Does a Graphics Card Affect FPS or Frame Rate?

Does a Graphics Card Affect FPS or Frame Rate?

While the Graphics Processing Unit (GPU or graphics card) is responsible for displaying on monitors, you may wonder how much they actually affect FPS performance in PC gaming. Your graphics card performance may play a huge part in game FPS depending on the types of games you usually play. So, upgrading your GPU can lead to a smoother gaming experience.

But, how much do graphics cards play a role in our experienced FPS, and why have gaming GPUs become larger?

Graphics cards are solely responsible for rendering frames experienced on your gaming monitor. If having a high refresh rate system is a significant priority, investing in a graphics card will be worth it for your gaming experience.

In addition to a sound graphics card, other hardware like the CPU, RAM, and Motherboard support the GPU in its ability to attain higher refresh rates by having slightly less or equal ability components not to bottleneck components when gaming.

This article covers how graphics cards have become more critical as PC culture moves forward and what to consider when looking for higher FPS.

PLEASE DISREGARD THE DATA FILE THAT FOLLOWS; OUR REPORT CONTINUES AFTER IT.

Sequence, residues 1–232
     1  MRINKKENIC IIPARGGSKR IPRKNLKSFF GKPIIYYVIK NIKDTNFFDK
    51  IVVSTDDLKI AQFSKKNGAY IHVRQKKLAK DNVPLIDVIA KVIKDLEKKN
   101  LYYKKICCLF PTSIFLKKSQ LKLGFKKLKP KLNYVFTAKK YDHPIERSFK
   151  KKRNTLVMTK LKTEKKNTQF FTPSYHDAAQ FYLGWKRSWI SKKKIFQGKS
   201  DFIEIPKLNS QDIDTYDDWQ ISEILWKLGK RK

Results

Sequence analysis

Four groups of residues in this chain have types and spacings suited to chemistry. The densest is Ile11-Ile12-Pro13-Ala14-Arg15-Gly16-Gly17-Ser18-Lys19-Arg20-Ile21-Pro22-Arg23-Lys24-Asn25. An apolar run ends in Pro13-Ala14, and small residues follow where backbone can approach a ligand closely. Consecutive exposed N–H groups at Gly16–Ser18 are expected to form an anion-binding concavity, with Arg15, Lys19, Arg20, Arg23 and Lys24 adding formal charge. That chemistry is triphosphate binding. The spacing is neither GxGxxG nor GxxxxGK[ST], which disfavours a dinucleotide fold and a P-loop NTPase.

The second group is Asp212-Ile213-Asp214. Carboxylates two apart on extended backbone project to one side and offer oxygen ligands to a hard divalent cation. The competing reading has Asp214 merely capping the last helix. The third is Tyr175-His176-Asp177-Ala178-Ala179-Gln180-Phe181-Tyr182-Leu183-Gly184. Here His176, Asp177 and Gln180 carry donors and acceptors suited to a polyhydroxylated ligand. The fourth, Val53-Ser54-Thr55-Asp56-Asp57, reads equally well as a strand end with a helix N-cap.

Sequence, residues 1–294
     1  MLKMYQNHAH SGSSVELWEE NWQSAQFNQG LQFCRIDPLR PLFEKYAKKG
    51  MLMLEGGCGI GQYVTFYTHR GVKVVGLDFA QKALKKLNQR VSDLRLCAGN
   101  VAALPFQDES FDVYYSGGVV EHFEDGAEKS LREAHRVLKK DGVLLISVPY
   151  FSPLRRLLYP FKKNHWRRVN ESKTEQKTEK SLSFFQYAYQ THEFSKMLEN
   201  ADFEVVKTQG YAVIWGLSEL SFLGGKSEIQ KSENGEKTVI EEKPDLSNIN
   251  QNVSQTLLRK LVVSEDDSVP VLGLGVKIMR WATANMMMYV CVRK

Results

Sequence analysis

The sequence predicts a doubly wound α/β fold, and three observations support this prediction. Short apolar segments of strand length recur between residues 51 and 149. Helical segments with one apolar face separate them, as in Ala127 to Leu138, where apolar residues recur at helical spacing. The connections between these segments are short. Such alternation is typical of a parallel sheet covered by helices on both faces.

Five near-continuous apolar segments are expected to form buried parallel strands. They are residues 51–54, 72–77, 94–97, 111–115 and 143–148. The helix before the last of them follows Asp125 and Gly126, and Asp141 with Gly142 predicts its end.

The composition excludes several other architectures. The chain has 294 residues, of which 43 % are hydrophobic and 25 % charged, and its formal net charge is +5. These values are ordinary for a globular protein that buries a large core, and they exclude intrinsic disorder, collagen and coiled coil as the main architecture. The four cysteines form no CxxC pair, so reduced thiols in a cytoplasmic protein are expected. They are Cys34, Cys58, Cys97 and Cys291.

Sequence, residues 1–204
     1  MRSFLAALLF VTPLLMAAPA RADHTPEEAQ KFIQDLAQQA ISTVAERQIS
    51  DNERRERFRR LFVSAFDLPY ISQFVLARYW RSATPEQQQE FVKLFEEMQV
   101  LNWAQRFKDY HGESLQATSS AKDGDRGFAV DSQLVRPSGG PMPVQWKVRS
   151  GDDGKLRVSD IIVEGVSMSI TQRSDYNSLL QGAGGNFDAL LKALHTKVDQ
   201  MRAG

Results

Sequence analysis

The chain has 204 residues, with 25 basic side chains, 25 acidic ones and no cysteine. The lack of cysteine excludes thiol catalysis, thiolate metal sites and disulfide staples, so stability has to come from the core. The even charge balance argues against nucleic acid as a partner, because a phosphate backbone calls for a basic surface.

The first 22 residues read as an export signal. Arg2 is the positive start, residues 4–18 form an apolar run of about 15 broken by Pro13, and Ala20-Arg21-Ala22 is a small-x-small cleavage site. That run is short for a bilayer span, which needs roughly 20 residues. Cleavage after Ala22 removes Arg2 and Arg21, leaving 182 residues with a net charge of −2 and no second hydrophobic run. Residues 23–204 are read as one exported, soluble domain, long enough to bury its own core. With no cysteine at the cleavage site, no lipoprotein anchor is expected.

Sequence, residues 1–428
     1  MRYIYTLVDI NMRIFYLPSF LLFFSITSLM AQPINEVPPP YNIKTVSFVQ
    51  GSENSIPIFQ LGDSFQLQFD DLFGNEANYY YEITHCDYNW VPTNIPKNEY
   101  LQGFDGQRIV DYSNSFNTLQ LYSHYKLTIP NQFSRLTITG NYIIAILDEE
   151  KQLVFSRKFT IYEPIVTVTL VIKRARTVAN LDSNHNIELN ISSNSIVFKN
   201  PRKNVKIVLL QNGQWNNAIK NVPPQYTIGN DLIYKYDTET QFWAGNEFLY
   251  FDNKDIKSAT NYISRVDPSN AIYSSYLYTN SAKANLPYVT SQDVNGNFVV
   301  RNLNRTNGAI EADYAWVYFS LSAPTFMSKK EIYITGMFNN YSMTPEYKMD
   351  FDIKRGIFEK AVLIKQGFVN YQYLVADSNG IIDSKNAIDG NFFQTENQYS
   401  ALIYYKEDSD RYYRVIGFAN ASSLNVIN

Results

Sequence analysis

Does a Better Graphics Card Increase FPS?

In short, having a better graphics card does increase FPS or frame rate overall. However, some expectations are prevalent where aspects like the texture quality will be improved while the FPS stays capped at a certain amount.

Determining if any accompanying parts are causing bottlenecks before the GPU is also an effective method to keep your refresh rate up. This can come from the CPU not meeting the demands of the game or the RAM not being enabled in XMP or DOCP mode.

How Much Does a GPU Affect Frame Rate?  

The GPU is responsible for video memory (VRAM) that games use, and the accompanying resolution for said game. A graphics card's performance may vary from game-to-game depending on the monitor's refresh rate and resolution.

On CPU-bound games, the differences are less noticeable on lower resolutions like 1080p; however, displaying at 1440p or 4k will force the system to rely on the GPU for displaying pixels. 

Which Affects Frame Rate More: CPU or GPU?

For most games, the graphics card affects FPS more than the CPU or Central Processing Unit. While not known for the refresh rate, the CPU enables some game engines to “get ahead” in data processing and create a surplus of frames for the GPU to display. This effectively means your CPU and graphics card work in tandem for optimal performance.

Again, this depends on the game engine, so knowing the relationship between your GPU and CPU is essential when building a PC.

How You Can Increase FPS on Your Graphics Card

One of the most important aspects of gaming is ensuring your system and GPU are running the latest updates and tuned for the best gaming experience. Here are some options to consider when optimizing your system.

Update Drivers